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From "Xavier Hanin" <>
Subject Re: [DISCUSS] EasyAnt: Ant based pre packaged build system for java projects
Date Tue, 15 Jan 2008 08:05:27 GMT
On Jan 15, 2008 6:31 AM, Stefan Bodewig <> wrote:

> "Peter Reilly" <> writes:
> > I would say that if the build file does not specify the order, then the
> order
> > is undefined.
> >
> > If the order is important, then the build file can enforce an order by
> > using "depends".
> >
> >     <target name="prepare" before="junit" depends="start-server">
> >        <prepare />
> >     </target>
> One thing we are not taking into account is the plugin approach that
> is part of Xavier's initial EasyAnt vision.
> If our base build file contains a compile target and several "plugins"
> that I want to use need to do stuff before the compile target then we
> need a way to have a defined order.  In the order my build file
> requires the plugins, I guess.

Yes, I agree order should be predictable, and keeping definition order seems

> Do we revert the order for after targets so the first one declared
> gets executed last?

Why not. But in my mind if you really need to do something surrounding a
target, you'd better use the around mechanism than the after / before. I
think it's more explicit.
The problem with the around mechanism as I see it (which is basically an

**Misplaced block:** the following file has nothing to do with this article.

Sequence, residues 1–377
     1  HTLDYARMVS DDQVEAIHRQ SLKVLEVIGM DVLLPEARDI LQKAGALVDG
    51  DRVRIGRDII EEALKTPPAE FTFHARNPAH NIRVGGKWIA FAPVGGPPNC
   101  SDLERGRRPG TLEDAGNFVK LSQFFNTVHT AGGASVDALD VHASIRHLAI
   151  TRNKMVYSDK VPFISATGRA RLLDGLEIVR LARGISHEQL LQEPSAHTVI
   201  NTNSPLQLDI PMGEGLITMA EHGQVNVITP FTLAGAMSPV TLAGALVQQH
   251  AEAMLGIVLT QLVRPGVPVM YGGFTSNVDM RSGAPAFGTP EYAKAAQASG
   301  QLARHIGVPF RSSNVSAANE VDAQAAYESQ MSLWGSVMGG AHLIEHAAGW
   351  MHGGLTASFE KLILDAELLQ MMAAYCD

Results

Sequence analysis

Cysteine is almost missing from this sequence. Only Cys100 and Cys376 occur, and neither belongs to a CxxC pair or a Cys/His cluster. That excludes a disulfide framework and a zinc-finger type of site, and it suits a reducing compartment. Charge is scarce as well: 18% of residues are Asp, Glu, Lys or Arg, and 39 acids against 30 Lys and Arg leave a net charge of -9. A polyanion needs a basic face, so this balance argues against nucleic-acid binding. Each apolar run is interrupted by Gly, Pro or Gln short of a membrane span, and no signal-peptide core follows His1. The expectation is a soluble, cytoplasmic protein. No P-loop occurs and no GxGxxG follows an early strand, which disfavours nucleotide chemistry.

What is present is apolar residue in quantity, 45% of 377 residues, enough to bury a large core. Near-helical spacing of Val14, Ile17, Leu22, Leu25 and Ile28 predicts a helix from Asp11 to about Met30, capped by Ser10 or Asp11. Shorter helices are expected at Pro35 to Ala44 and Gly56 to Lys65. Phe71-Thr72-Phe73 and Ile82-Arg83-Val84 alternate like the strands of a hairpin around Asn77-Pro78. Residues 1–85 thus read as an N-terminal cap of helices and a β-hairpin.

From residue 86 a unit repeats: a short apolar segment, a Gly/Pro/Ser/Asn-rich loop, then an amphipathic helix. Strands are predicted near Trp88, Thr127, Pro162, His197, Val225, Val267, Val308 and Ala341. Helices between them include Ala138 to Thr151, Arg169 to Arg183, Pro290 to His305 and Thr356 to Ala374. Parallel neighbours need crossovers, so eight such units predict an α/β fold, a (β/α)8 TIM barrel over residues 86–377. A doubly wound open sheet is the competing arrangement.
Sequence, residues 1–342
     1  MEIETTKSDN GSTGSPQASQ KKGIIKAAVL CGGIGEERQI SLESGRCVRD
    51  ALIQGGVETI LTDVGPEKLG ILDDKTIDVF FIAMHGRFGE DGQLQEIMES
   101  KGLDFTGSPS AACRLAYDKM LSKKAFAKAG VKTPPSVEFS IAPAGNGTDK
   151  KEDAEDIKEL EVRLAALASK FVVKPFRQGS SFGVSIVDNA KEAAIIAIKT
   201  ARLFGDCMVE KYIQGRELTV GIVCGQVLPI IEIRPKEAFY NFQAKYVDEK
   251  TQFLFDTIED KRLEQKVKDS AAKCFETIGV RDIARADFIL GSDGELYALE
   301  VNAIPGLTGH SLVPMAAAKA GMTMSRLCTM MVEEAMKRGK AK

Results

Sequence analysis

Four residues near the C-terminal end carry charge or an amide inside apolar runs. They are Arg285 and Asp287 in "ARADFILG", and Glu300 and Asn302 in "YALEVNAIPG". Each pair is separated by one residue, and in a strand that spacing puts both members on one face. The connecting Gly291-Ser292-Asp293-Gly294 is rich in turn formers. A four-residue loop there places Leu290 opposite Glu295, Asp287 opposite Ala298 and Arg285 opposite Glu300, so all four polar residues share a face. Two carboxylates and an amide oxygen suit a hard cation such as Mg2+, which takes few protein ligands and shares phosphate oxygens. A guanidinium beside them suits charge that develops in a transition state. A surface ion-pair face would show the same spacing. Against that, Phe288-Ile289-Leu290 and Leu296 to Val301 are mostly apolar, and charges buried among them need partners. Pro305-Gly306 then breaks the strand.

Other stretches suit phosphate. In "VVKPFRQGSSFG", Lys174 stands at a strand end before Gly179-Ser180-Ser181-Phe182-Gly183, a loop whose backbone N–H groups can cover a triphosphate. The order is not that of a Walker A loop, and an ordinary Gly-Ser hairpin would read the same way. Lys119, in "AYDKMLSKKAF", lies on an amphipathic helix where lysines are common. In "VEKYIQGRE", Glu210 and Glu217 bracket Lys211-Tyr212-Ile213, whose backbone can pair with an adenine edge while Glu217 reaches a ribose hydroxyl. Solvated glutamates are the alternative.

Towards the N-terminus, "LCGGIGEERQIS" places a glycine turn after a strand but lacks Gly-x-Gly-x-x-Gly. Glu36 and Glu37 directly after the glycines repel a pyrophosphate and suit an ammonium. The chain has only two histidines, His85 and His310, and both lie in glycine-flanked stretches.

override with a mean to call the original definition) is the interaction
between plugins. If several plugins use the around mechanism, it maybe
difficult to understand that the call to the original defintion actually
call the definition overriden by another plugin. And if one plugin actually
overrides a definition without calling the original definition, then the
order will be very important: if it's defined after a plugin overriding just
for the around, then I guess the final override will override everything
including the overriden definition. So it's very different from what would
have happened while using a before and after targets (well, as I see it, see

> Also we will need to define how before/after an complete overriding of
> targets interact.  Do before/after apply to the new definition of the
> target or are they dropped?

I'd say they apply to the new definition. If we take the example of the
server start / stop, I think it still makes sense to run 'em when another
plugin redefines how the unit tests are run. In my mind plugins interactions
should be kept minimal as long as they aren't explicitly desired. If a
plugin really wants to disable another plugin 'before' target, then we
should provide a mean to do it, like overriding the before target. I'm not
sure if there is a use case for that though. As I said before the main
problem about plugin interaction is when two plugins override the definition
of a target, and at least one doesn't call the original definition. Maybe
this shouldn't be considered at the same level: defining before and after
targets can be seen as a plugin contribution. Overriding a target is closer
to OO inheritance, and as such maybe could be allowed only when a build
script 'extends' another one.

Hence we would have two kind of relationship between build modules:
- a build module 'contributes' to another one, in which case it can only
define after/before targets. This is called a plugin.
- a build module 'extends' another one, in which case it can override parent
target(s) definition(s)

Only one 'extension' of a given module can be used at a time in the build
system, while the number of contributions is not limited.

Does this make sense?


> Stefan
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Xavier Hanin - Independent Java Consultant

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